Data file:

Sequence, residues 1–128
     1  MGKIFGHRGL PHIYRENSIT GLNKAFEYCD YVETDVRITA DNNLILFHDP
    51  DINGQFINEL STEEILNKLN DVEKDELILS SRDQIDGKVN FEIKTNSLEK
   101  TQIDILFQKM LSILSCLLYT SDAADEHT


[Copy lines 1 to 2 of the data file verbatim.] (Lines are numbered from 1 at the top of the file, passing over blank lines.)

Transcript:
Sequence, residues 1–128
     1  MGKIFGHRGL PHIYRENSIT GLNKAFEYCD YVETDVRITA DNNLILFHDP